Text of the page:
Photo of wind turbine

This wind turbine was installed near Hobbs, New Mexico, in 2012 as part of a compressed-air energy demonstration project. (Photo by Peter Root..)

Three University of Wisconsin System schools collaborated on a study to identify ways for state manufacturers to develop more products for green-energy technologies.

A report released last month, “Advancing Wisconsin’s Green Manufacturing Economy,” is the result of a yearlong study undertaken by faculty, staff members and undergraduate researchers at UW-Eau Claire, UW Oshkosh and UW-Milwaukee.

The project, funded by the Tommy G. Thompson Center on Public Leadership, identifies “significant untapped manufacturing capacity” for state industries.

“The coming years have the potential to be an exciting time for Wisconsin’s manufacturing economy,” says Dr. Matthew Jewell, a UW-Eau Claire associate professor of materials science and engineering, and the principal investigator on the project. “We are all well aware of the headwinds for manufacturing brought on by globalization, automation, changing customer needs and now a global pandemic. But there are also real opportunities for manufacturers to adapt to new markets, and with some coordination between the private and public sectors, we can ensure that Wisconsin remains a manufacturing leader for years to come.”

Researchers evaluated market conditions and opportunities for Wisconsin manufacturers to further develop products and processes to become involved in the green-energy sector. They identified specific research and development opportunities to leverage existing capacity and capabilities to meet the current development requirements of the wind, solar and biogas industries, as well as energy-storage technologies such as lithium-based batteries.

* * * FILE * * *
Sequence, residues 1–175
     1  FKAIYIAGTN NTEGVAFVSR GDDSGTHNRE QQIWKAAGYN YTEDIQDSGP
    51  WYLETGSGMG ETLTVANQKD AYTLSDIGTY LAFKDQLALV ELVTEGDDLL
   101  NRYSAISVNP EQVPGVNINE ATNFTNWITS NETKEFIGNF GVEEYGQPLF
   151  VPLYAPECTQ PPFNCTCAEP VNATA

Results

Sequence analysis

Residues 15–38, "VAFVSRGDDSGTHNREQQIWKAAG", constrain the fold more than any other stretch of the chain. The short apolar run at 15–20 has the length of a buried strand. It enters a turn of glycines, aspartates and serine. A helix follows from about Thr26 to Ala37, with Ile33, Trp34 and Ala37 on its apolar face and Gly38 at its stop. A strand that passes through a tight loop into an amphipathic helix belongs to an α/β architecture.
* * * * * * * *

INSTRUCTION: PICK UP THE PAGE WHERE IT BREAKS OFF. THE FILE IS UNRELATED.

Jewell collaborated on the study with UW-Eau Claire faculty members Dr. Thomas Kemp, professor and chair of the economics department; Dr. Yan Li, associate professor of economics; as well as Dr. Kevin Crawford, director of UW Oshkosh’s Sustainability Institute for Regional Transformation; Brian Langolf, UW Oshkosh biogas program director; and Dr. Junjie Niu, associate professor of engineering at UW-Milwaukee.

Ten UW-Eau Claire undergraduate researchers and a UW-Milwaukee graduate student collaborated on the study as well.

Jewell and his UW-Eau Claire research group worked to identify research and development opportunities in the wind energy and solar energy industries. Kemp and Li collaborated on the economic analysis, including identifying current capabilities of the manufacturing sectors, aligning those sectors with “advanced energy” manufacturing needs and doing comparisons between Wisconsin and neighboring states.

Niu and his research group worked on lithium ion battery manufacture analysis, including the marketing potential, challenges and opportunities in Wisconsin.

“Most of the lithium batteries are imported from only a few Asian countries,” says Niu, who was a co-principal investigator on the project. “However, there is ample opportunity for state manufacturers to join in the supply chain, which would reduce costs and make Wisconsin a player in the production of next-generation lithium ion batteries. And that matches the long-term goal of the state becoming a leader in energy storage.”

With strong agriculture and dairy industries, UW-Oshkosh’s Crawford and Langolf say energy production from biogas is a clear continued growth industry for Wisconsin. They identified policy challenges and opportunities for development that could expand the biogas sector in Wisconsin.

“A more robust regulatory framework and targeted investment in technical challenges would allow Wisconsin to establish its national leadership in this area and become a net ‘exporter’ of biogas technology to neighboring states,” Langolf says.

The report identifies specific businesses that could be aligned with manufacturers of green-energy products. The report will be distributed to about 200 Wisconsin manufacturers.

Researchers say the next step is to reach out to those businesses to determine how product transitions could be made, identify potential obstacles and better align state incentives to the process.

The report identifies policy recommendations for the state and UW System officials to create an environment for manufacturers to more easily transition to the green-energy fields.

Top photo caption: This wind turbine was installed near Hobbs, New Mexico, in 2012 as part of a compressed-air energy demonstration project. (Photo by Peter Root. View full photo credit.)